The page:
For the next two weeks, Operation Exodus will take centre stage in ensuring that long-distance public transport operators are fit to take to the roads. Read more below:
The City of Cape Town’s Traffic Service will today start rolling out its annual Operation Exodus plan, aimed at ensuring the safety of long-distance travellers. Officers will be on duty at all of the major public transport interchanges to ensure that drivers and their vehicles are fit for long road trips.
In the first 10 days of Exodus last year, officers checked 1 402 vehicles, of which 1 014 met the requisite safety requirements. They also recorded more than 17 000 offences at vehicle checkpoints and patrols across the city, including speeding, unlicensed drivers, and driving without operating licences.
‘I appeal to all motorists to ensure that their vehicles are roadworthy, but also that the people who get behind the wheel of long-distance taxis and buses are fit to do so. Many road deaths can be avoided if road users obey the law and take regular breaks on long trips. There are thousands of commuters who rely on public transport to get to their loved ones over the holiday period and I appeal to operators to not let them down,’ said the City’s Mayoral Committee Member for Safety and Security, Alderman JP Smith.In general enforcement operations over the past week, City traffic officers arrested 46 motorists – 43 of them for drunk driving, one for providing false information, and two for reckless and negligent driving. Officers also issued 2 598 fines for various transgressions. The Automated Number Plate Recognition Unit held a number of roadblocks throughout the city and arrested 53 suspects for outstanding warrants, served 567 warrants, and released 168 motorists on a warning.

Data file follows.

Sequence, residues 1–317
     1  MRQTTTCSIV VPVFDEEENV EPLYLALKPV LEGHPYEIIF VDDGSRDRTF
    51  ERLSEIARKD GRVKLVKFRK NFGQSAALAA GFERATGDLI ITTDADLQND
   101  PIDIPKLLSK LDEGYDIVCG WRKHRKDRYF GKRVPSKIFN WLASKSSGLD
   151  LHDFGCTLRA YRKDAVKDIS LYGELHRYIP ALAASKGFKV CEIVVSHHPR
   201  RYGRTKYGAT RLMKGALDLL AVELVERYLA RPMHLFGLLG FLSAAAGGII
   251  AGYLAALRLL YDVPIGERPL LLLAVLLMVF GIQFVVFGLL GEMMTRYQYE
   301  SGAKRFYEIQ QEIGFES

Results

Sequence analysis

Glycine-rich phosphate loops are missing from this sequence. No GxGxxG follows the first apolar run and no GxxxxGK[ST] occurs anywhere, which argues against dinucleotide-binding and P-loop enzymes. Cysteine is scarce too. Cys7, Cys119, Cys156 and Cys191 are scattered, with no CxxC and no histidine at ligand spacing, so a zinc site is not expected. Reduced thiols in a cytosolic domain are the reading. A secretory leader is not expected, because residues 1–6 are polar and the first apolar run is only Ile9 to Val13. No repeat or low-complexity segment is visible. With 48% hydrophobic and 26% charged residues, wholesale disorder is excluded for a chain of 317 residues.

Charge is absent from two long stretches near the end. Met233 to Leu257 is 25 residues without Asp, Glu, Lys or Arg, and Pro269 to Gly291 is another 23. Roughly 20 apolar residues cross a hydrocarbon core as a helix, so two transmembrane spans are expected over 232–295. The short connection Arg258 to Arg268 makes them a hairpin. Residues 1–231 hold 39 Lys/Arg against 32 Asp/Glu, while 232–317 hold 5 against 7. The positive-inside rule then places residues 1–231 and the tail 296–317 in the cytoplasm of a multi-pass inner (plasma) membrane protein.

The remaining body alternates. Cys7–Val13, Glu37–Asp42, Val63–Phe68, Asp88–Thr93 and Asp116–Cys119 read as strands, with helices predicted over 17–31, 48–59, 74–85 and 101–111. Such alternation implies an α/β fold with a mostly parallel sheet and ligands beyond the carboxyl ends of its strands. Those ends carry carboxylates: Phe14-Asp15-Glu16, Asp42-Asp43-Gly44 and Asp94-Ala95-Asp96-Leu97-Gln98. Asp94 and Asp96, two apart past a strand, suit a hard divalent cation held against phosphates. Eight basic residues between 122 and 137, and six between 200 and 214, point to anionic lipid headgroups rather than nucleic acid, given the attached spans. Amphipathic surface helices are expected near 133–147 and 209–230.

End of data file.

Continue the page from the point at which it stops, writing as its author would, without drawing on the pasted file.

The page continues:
The Metro Police Department arrested 24 motorists for drunk driving – one of whom will also face additional charges of reckless and negligent driving and attempted murder after trying to run over an officer while attempting to flee the scene.
In Macassar, Metro Police officers arrested five suspects for possession of drugs on Saturday 10 December 2016. They arrested two more suspects the day before – one for armed robbery in Hanover Park and another for possession of drugs in Somerset West.
On Thursday 8 December 2016, Metro Police officers held a blue bag operation in conjunction with Law Enforcement to clamp down on the illegal possession and sale of City of Cape Town refuse bags. During the operation, a member of the public informed officers that blue bags were being kept at a house in Kruskal Avenue in Bellville. A search of the premises revealed 2 151 City of Cape Town marked blue refuse bags. The property owner was arrested for being in possession of stolen property.
Later that same day, Metro Police officers were on patrol in the Hanover Park area when a member of the public alerted them to two men who were behaving suspiciously. Officers searched the men and found them in possession of a .38 special revolver. A passerby then informed the officers that the men had robbed her. It was later established that the weapon had been stolen in Claremont. The officers booked the suspects at the Philippi police station and while there, a member of the public informed them that she was the victim of a smash-and-grab incident at the corner of Weltevreden and Jakes Gerwel Drive and that her iPhone had been stolen. Officers used a tracing app that led them to a house in Sweet Home Farm in Nyanga. They located the phone as well as several other items and arrested two suspects.
‘This is sterling work by our officers. What’s even more commendable is that a number of these arrests were the result of tip-offs from the public. These are great examples of what policing should be: a partnership between those in uniform and civilians. It is imperative that the public blows the whistle on crime, and even more imperative that the enforcement agencies act on those tip-offs,’ added Alderman Smith.